Q: We will be renovating our bathroom soon but I want a "quick fix" now because I hate the ceramic tile floor's color. I found a great sale on some Armstrong urethane that I'd like to install. What should I use for an underlayment? The salesperson suggested cement underlayment and patch. The back of the box of tile suggests that or an embossing leveler. Which one would be better? — Arlene, Rochester Hills, MI

A: Tom Silva replies: A good quality vinyl floor is thick enough to be installed without an underlayment, which will only raise the level of the floor and give you headaches around built-in vanities, heat registers, baseboards, and other areas.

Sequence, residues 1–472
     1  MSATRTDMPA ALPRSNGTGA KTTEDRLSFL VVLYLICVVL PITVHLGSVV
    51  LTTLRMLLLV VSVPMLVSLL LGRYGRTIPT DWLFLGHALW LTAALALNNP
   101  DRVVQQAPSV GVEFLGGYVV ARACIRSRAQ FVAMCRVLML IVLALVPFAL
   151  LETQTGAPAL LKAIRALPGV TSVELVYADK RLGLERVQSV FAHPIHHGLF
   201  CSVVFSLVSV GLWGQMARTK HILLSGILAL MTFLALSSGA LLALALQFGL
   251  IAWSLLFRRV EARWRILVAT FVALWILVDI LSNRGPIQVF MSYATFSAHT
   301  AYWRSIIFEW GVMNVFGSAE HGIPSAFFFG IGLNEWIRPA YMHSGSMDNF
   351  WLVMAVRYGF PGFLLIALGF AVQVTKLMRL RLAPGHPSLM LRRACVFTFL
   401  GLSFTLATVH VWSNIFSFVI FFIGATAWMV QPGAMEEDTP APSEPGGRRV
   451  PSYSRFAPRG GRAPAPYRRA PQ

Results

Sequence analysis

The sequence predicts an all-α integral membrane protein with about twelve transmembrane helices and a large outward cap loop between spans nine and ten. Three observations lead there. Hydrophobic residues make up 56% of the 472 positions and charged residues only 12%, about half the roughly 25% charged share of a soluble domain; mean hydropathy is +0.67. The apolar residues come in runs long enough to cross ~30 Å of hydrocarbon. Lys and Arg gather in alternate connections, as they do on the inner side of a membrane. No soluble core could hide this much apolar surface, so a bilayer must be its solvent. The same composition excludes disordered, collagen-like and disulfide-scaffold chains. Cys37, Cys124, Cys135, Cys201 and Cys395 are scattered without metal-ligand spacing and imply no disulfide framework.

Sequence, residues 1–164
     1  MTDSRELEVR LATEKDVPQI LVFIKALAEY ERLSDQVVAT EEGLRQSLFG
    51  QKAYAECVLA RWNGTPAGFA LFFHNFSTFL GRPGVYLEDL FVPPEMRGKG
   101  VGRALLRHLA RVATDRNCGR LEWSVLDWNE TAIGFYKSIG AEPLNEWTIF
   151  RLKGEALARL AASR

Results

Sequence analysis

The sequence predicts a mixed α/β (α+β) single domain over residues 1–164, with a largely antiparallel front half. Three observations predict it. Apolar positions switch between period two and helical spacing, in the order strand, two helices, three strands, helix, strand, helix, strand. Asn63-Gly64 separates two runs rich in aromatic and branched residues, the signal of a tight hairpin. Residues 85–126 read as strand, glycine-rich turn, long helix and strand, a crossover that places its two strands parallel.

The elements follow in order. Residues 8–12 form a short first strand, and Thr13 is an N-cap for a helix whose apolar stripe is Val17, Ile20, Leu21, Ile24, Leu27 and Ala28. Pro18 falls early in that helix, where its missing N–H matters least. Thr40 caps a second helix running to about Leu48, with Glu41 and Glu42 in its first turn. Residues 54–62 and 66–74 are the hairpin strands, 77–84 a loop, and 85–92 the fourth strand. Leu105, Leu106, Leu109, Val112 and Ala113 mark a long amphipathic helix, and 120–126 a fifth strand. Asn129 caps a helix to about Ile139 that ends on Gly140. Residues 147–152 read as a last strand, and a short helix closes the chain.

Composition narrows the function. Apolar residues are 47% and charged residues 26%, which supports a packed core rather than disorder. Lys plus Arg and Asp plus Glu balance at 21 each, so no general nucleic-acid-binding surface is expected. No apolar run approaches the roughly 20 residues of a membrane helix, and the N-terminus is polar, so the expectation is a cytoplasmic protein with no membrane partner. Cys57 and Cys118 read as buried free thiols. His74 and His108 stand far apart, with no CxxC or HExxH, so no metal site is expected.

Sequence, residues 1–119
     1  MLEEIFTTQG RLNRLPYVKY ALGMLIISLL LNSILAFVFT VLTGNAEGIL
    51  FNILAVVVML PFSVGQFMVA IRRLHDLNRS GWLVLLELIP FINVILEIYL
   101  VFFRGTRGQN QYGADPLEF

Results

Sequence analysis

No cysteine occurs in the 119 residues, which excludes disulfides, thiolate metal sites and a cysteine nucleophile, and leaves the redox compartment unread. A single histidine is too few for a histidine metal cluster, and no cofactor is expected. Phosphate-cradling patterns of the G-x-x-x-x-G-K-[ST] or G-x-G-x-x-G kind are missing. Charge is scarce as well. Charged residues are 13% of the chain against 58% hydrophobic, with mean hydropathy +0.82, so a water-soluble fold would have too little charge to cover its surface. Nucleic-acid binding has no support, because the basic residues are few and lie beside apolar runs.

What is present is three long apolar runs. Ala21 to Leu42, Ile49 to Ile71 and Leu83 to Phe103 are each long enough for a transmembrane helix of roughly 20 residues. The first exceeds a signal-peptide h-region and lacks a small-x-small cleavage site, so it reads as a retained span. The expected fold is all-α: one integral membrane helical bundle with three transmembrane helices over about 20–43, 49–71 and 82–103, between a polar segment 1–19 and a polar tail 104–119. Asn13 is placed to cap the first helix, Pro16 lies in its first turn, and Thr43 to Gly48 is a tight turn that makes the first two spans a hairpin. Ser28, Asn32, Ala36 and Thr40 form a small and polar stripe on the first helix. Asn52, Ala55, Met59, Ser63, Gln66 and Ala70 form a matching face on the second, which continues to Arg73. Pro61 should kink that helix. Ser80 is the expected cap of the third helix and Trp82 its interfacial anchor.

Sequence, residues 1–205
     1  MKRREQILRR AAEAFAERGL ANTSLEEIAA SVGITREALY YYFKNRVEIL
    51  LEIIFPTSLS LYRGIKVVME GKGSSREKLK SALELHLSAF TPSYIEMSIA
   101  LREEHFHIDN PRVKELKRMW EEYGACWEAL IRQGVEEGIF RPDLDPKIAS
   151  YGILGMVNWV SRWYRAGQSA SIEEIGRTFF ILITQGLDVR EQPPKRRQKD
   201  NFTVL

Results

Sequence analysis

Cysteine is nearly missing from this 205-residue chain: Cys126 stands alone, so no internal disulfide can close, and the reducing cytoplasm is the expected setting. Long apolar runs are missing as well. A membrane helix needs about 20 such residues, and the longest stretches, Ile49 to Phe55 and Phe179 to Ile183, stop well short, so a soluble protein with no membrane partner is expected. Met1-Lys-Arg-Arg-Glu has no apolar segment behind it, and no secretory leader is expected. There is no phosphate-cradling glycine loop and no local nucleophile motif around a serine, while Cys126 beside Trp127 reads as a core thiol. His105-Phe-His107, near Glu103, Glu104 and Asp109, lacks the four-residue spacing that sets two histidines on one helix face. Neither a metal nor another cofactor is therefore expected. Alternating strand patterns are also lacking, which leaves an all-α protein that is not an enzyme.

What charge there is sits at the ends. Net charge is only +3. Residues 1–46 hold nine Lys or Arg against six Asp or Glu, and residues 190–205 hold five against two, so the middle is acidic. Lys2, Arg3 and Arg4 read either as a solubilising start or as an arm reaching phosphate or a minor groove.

Your greatest concerns when installing a vinyl floor over the existing tile are the tile's joints and the floor's height. Before you start, see if any tile is broken or damaged. Once you've removed lose or broken pieces, patch the empty sections with a liquid cement or mortar, letting it settle level with the tile floor. Next, if the tile's joints are deep, you'll want regrout them to bring them flush with the tile so that the lines won't telegraph — show through — the vinyl floor. Once the tile is leveled off, your next step is to remove the toilet so that the floor can be laid under it, not cut around it.
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